The updated test was born when IIHS researchers discovered that fatalities were still common in side crashes that occurred at higher speeds than the original evaluation. In addition to a higher speed, the updated test uses a new striking barrier that is closer to the weight of today’s SUVs than the old barrier and more closely mimics the damage they create.
Similar progress lies behind the stricter requirements for headlights and pedestrian front crash prevention systems.
Vehicles with good- and acceptable-rated headlights have 15-19 percent fewer nighttime single-vehicle crashes than vehicles with poor-rated headlights, and the TOP SAFETY PICK program has already pushed many inferior alternatives off the market. Since IIHS introduced the daytime vehicle-to-pedestrian front crash prevention evaluation in 2019, pedestrian crash avoidance has become at least an option on nearly every model, and around half the systems tested earn superior ratings. But there is still more to do.
About half of all fatal U.S. crashes happen in the dark, and three-quarters of fatal pedestrian crashes occur at night — when research shows that many pedestrian crash avoidance systems perform poorly. To address that continuing problem, IIHS added the nighttime vehicle-to-pedestrian evaluation to the award requirements and made it impossible for a vehicle to win either award if a consumer could buy it equipped with inferior headlights.
“U.S. traffic fatalities hit a 20-year high in the first half of 2022, in part due to a steady climb in pedestrian crashes,” Harkey said. “Safer vehicles can be an important part of the solution, even though reversing the trend will also take a concerted effort from policymakers and other stakeholders.”
The sunsetting of the roof strength, head restraint and vehicle-to-vehicle front crash prevention tests is also a result of industry progress, which has made these tests less relevant in their current form.
The federal government adopted roof strength standards similar to the IIHS requirements in 2009, and for some time now, virtually all vehicles tested have earned good ratings. Electronic stability control, which has been mandatory since 2012, has also dramatically reduced the rollover crashes that stronger roofs are intended to mitigate.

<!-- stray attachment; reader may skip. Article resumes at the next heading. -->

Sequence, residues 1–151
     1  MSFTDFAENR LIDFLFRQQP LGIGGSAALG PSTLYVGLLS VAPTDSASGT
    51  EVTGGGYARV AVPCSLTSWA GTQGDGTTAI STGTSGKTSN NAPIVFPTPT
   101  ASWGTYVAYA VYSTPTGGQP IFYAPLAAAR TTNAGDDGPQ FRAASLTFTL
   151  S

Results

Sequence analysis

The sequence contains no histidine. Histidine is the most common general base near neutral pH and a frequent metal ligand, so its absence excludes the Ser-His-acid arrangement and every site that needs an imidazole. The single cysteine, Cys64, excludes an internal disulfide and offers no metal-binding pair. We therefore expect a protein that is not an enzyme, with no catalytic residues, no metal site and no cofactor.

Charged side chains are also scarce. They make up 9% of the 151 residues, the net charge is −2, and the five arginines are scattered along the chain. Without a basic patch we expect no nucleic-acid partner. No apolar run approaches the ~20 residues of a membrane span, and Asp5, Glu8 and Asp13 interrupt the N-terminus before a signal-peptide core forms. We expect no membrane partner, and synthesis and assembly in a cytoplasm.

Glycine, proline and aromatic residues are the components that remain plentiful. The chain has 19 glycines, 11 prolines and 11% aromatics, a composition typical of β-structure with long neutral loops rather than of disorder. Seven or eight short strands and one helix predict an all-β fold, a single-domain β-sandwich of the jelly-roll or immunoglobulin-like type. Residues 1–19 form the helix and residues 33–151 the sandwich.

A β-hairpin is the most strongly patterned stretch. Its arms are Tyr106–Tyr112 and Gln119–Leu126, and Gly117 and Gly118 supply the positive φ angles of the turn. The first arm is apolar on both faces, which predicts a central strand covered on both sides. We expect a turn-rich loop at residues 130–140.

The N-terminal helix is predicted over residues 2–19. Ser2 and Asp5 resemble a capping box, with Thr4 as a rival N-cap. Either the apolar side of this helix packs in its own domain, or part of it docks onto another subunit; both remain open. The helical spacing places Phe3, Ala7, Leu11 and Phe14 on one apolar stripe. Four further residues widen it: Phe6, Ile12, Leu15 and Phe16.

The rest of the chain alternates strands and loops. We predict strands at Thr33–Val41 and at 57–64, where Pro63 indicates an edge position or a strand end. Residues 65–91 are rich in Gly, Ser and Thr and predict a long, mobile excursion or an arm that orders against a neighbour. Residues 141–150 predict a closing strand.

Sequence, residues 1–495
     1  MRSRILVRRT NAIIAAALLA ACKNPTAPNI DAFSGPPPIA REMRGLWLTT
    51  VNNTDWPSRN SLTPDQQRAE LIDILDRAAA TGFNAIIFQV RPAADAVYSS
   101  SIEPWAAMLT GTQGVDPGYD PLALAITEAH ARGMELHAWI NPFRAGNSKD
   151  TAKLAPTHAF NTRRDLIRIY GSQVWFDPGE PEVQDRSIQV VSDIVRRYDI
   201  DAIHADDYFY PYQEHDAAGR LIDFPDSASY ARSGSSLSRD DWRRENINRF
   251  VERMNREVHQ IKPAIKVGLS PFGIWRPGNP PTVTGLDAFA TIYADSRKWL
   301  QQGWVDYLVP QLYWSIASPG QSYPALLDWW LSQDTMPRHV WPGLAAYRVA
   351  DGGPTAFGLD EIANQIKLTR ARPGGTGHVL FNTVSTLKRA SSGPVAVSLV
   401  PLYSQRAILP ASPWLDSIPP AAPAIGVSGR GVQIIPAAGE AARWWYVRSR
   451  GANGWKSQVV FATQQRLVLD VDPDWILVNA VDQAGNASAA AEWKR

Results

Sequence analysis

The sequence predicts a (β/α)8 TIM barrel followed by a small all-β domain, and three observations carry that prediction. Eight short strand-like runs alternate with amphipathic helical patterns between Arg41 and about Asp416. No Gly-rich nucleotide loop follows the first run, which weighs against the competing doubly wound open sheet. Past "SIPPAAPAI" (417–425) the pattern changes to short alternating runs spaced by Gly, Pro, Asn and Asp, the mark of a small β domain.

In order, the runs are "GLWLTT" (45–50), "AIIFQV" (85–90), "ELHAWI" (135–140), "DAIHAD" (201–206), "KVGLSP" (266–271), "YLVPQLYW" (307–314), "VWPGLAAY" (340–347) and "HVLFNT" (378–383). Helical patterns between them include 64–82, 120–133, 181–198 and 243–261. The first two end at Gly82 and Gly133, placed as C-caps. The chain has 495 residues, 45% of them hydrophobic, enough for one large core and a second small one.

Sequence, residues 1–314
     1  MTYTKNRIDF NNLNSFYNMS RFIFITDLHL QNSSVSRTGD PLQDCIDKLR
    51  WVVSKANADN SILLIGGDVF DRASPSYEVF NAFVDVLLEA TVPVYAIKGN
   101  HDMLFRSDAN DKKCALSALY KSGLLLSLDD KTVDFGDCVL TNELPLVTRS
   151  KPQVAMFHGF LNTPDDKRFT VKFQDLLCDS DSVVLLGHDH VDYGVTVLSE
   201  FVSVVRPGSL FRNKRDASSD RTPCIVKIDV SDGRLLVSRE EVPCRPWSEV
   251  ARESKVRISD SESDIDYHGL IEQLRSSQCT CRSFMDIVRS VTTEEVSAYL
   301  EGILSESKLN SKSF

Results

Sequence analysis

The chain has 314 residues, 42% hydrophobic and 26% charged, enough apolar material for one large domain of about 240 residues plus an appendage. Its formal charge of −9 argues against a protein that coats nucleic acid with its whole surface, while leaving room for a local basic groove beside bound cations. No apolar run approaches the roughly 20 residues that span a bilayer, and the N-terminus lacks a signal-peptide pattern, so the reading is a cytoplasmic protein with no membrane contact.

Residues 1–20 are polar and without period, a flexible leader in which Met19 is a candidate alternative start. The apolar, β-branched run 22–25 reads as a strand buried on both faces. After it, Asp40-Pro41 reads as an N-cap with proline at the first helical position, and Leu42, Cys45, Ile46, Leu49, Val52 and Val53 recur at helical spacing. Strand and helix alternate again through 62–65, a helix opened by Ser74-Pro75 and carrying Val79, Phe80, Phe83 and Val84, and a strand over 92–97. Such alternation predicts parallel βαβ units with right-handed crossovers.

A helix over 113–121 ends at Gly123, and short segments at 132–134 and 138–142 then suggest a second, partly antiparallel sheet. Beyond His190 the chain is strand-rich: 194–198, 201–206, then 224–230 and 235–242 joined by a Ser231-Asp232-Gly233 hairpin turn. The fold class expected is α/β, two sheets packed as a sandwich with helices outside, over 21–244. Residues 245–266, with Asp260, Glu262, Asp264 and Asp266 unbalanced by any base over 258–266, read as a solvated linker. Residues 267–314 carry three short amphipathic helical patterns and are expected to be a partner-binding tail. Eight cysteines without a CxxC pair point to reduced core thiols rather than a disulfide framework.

Almost all new vehicles earn good ratings in the head restraint evaluation too. IIHS researchers are exploring how that test might be updated to help eliminate more injuries from rear-impact crashes. Similarly, the vehicle-to-vehicle front crash prevention test has been suspended because virtually all new vehicles meet the current requirements as the result of a voluntary commitment by automakers that IIHS helped broker. Researchers are currently working on a more challenging test to address crashes that occur at higher speeds and involve vehicles other than passenger vehicles.
Further changes to the award criteria are coming in 2024. A good, rather than good or acceptable, rating in the updated side evaluation will be required for TOP SAFETY PICK as well as the higher-tier award. In addition, a good or acceptable rating in the updated moderate overlap front test launched last year will be required for the higher-tier TOP SAFETY PICK+ award, while a good rating in the original moderate overlap front test will continue to qualify vehicles for TOP SAFETY PICK. The updated test, which incorporates an additional dummy positioned in the second row, is designed to encourage automakers to extend the high level of protection now commonly provided for the driver and front seat passenger to rear seat occupants.
See below for the full list of winners. For details on each vehicle, go to iihs.org/ratings.
Toyota Camry (built after January 2023)
Large luxury cars
Subaru Solterra (built after October 2022)
Midsize luxury SUVs
Lexus NX Plug-in Hybrid
Tesla Model Y
Volvo XC90 Recharge
Rivian R1T crew cab
Toyota Tundra crew cab
Toyota Tundra extended cab